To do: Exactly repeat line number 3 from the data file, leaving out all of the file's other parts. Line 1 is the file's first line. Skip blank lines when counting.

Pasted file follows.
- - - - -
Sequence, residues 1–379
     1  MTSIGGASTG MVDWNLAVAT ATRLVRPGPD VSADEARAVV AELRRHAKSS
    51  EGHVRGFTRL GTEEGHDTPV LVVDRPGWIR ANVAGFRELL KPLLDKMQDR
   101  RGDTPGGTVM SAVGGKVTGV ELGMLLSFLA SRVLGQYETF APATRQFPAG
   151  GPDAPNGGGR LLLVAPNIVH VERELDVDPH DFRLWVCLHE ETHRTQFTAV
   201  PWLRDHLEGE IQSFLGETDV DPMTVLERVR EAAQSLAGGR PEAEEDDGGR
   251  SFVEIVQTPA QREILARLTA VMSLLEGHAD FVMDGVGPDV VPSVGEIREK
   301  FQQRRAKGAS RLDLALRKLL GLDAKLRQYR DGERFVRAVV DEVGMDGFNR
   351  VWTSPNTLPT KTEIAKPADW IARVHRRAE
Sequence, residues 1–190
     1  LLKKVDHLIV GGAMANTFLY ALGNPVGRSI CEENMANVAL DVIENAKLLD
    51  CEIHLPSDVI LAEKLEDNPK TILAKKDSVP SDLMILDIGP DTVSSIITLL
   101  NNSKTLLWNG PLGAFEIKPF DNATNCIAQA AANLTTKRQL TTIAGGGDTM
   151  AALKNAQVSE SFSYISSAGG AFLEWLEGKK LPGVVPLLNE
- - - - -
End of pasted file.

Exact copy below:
    51  EGHVRGFTRL GTEEGHDTPV LVVDRPGWIR ANVAGFRELL KPLLDKMQDR